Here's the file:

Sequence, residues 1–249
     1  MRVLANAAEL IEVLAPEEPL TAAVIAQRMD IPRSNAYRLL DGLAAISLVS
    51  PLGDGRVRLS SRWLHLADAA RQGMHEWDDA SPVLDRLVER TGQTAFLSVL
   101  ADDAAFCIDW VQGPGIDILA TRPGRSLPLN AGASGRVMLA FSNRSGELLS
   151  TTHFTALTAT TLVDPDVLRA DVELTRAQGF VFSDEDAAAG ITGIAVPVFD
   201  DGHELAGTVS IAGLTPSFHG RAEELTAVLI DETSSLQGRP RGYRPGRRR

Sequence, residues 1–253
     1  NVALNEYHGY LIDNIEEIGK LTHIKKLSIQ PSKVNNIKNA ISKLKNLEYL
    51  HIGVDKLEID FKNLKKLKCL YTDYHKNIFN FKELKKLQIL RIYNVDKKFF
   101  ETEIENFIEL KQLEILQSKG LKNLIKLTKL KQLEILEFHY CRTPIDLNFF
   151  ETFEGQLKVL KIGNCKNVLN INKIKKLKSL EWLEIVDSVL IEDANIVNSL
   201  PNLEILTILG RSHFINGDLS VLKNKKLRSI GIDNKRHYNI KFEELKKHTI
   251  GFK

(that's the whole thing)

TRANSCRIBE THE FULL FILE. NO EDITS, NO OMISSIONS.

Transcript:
Sequence, residues 1–249
     1  MRVLANAAEL IEVLAPEEPL TAAVIAQRMD IPRSNAYRLL DGLAAISLVS
    51  PLGDGRVRLS SRWLHLADAA RQGMHEWDDA SPVLDRLVER TGQTAFLSVL
   101  ADDAAFCIDW VQGPGIDILA TRPGRSLPLN AGASGRVMLA FSNRSGELLS
   151  TTHFTALTAT TLVDPDVLRA DVELTRAQGF VFSDEDAAAG ITGIAVPVFD
   201  DGHELAGTVS IAGLTPSFHG RAEELTAVLI DETSSLQGRP RGYRPGRRR

Sequence, residues 1–253
     1  NVALNEYHGY LIDNIEEIGK LTHIKKLSIQ PSKVNNIKNA ISKLKNLEYL
    51  HIGVDKLEID FKNLKKLKCL YTDYHKNIFN FKELKKLQIL RIYNVDKKFF
   101  ETEIENFIEL KQLEILQSKG LKNLIKLTKL KQLEILEFHY CRTPIDLNFF
   151  ETFEGQLKVL KIGNCKNVLN INKIKKLKSL EWLEIVDSVL IEDANIVNSL
   201  PNLEILTILG RSHFINGDLS VLKNKKLRSI GIDNKRHYNI KFEELKKHTI
   251  GFK